For individuals with learning differences, realizing academic success can be difficult. These learning differences may include:
- Learning Disabilities (LD's)
- Attention Deficit Disorder (ADD)
- Attention Deficit Hyperactive Disorder (ADHD)
- Obsessive Compulsive Disorder (OCD)
- Executive Functioning Deficiencies
- Tourette Syndrome (TS)
- Disorders on the Autism Spectrum (ASD)
Individuals may display signs of these and other related disorders by falling behind academically in school, displaying disruptive behavior, having difficulty socializing with others, or exhibiting an inability to deal with anxiety or stress.
Testing by experienced and credentialed professionals is generally done through a public school system or through independent means. Access to support services and accommodations are traditionally found under 504 and Individual Educational Plans (IEP's) designations.
This process can be frustrating for families. There simply is no one-size-fits-all approach to diagnosing and treating individuals with learning differences. We have experience working with individuals who struggle with LD's, ADD/ADHD and other related disorders through advocacy and support by offering:
- Consultations and regular support services
- Referrals for testing
- Assistance in analyzing test results (neuropsychological evaluations), etc.
- Assistance with the 504 and IEP (from initial inquiry through designation)
- Placement assistance/referrals for therapy (when necessary)
School and College Placement
Historically, few schools and colleges have supported students with learning differences. Those that have generally specialized in working with individuals with severe learning disabilities such as dyslexia and other related disorders. Often, the focus was centered on the development of coping and life skills in preparation for the work place.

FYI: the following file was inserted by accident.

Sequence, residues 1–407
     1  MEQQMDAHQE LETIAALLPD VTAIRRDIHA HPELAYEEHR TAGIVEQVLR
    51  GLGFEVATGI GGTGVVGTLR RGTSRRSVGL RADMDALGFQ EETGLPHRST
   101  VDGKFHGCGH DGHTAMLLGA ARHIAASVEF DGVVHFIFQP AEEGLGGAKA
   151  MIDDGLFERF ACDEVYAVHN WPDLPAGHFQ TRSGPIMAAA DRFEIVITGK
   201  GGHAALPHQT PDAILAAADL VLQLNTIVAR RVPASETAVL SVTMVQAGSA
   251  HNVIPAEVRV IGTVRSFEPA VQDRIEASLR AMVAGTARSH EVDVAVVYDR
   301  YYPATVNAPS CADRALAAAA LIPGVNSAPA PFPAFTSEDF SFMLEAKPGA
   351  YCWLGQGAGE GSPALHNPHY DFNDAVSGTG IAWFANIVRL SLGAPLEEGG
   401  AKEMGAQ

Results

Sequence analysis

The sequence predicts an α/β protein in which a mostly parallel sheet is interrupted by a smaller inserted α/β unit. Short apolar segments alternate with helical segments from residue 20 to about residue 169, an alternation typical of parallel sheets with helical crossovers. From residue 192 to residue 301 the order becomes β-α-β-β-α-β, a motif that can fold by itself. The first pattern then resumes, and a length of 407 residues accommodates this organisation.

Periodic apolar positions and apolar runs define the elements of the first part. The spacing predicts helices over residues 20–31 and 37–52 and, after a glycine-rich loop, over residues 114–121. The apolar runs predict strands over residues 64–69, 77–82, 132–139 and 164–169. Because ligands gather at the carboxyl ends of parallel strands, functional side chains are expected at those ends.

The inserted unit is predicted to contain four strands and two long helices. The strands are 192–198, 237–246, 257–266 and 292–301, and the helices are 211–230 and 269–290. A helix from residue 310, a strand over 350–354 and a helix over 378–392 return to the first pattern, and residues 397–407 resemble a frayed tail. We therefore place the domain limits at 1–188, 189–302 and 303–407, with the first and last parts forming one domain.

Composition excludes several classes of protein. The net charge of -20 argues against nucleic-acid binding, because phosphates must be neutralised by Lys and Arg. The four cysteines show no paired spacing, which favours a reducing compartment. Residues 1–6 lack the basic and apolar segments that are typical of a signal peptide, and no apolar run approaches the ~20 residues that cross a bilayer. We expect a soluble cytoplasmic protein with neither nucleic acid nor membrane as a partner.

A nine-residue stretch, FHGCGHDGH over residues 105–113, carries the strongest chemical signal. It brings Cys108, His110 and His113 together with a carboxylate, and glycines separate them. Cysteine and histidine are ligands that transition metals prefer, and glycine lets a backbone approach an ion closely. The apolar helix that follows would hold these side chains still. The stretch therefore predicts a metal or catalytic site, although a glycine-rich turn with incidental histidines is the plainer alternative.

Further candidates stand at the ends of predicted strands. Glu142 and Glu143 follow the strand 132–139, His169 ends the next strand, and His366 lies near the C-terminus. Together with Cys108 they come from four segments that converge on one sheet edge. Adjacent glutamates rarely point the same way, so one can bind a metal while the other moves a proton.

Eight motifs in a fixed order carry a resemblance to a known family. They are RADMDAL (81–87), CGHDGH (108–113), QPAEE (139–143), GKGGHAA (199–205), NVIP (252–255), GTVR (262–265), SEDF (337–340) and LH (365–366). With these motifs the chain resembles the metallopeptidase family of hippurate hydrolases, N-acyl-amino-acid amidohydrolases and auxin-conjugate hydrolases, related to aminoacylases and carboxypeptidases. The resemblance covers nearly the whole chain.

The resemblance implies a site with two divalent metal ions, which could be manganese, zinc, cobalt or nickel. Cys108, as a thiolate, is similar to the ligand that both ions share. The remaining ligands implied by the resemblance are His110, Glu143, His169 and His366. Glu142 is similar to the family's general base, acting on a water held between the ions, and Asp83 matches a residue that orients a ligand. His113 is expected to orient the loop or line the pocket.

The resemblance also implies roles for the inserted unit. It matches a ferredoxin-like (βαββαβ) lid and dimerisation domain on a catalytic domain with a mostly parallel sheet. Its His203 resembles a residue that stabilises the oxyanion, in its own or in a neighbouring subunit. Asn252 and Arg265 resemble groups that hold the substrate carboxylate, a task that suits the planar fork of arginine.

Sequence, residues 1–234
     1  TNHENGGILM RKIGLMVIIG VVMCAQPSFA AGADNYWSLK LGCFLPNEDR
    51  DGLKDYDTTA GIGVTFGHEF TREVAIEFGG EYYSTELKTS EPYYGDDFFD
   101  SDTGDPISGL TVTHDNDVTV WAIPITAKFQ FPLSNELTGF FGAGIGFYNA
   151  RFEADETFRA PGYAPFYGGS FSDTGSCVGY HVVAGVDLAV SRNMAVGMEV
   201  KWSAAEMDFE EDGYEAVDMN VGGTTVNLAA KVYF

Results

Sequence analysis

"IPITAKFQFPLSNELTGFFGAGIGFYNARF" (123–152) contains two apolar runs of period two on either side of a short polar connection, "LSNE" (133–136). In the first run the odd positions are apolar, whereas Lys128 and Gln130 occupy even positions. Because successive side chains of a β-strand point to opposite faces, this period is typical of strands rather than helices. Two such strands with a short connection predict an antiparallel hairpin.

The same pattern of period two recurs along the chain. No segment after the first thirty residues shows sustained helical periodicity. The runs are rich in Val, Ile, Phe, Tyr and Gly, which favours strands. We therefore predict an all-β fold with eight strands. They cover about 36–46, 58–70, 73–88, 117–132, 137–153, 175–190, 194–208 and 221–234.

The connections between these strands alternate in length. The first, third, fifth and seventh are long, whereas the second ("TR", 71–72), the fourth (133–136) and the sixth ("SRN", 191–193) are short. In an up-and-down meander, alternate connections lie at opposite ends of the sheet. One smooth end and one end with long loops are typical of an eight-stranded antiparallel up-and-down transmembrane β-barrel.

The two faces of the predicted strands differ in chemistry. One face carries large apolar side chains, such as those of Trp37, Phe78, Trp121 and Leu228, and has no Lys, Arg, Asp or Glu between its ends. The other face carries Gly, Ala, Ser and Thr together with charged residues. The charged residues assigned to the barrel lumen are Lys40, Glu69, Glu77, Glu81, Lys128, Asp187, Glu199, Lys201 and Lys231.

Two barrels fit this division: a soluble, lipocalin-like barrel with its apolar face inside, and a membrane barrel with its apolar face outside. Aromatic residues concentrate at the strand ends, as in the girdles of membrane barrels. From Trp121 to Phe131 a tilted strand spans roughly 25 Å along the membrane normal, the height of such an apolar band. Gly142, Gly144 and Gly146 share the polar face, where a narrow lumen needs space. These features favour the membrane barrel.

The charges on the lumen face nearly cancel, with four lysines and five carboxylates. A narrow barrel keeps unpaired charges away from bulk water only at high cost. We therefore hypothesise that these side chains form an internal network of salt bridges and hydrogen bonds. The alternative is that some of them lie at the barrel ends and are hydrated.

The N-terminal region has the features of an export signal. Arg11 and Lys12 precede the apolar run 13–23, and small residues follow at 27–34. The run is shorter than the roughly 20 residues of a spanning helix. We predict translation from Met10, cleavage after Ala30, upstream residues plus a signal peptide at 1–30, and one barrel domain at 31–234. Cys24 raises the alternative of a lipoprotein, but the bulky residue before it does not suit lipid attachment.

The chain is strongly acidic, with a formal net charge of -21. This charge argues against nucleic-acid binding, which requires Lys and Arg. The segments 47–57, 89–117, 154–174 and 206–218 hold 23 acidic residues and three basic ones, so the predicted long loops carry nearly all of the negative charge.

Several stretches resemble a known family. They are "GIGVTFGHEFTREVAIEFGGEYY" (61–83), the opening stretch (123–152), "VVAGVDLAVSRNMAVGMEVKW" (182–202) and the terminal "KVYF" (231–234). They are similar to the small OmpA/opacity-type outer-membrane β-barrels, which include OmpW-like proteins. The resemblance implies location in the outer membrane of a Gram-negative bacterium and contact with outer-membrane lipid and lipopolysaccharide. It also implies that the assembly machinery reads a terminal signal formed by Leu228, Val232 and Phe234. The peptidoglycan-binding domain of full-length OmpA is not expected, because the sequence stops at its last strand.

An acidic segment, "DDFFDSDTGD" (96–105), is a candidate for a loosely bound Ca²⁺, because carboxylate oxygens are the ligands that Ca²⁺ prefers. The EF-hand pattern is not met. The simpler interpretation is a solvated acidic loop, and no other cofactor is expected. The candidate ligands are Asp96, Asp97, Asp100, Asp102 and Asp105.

In the past decade, however, many K-12 schools (including traditional boarding, independent, parochial and charter) have re-purposed their missions to offer support programs for students who learn differently. Many offer college preparatory programs now coupled with support for individuals with mild to moderate disabilities. Colleges and university systems have followed this same trend, often at an additional cost, some small colleges offering these services to as many as one quarter of their student population.
We offer the following in terms of placement assistance for individuals with learning differences at the K-12 and College/University levels:
- Initial meeting with student and parent(s)
- A thorough review of a student's academic and personal background
- Recommendations for summer study/work/extra-curricular activities
- Financial aid/scholarship recommendations/referrals
- School list and time line action plan
- Standardized test recommendations/referrals/test preparation programs
- Assessments of 504 and IEP guidelines (when applicable)
- Communication with College or University support personnel (campus disability coordinators, support program staffs, etc.)
- Evaluation of "right-fit" support programs (when applicable)
- Mentoring of admissions essays and applications
- Interview preparation strategies
- Best fit recommendations for acceptances/wait lists, and deferrals
- Transitional advocacy during first year and beyond
- Consistent and open lines of communication between you and our staff
- Access to us via face-to-face meetings either at our location or your home
- Communication via face-to-face meetings, telephone, email, or Skype sessions
A Family's Experience with the College Search Process
Check out my latest article Learning Disabilities and College Admissions - The Price of Anonymity on students with learning disabilities and college placement. While the article largely centers on post-secondary placement, it highlights an SLD's progression through K-12 and beyond.